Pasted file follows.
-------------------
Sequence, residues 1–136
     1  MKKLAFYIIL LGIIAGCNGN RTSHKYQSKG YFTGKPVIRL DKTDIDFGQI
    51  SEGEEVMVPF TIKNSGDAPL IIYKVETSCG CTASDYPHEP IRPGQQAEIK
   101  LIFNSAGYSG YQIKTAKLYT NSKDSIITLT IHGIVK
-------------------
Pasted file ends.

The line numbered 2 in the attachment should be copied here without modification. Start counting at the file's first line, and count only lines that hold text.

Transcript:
     1  MKKLAFYIIL LGIIAGCNGN RTSHKYQSKG YFTGKPVIRL DKTDIDFGQI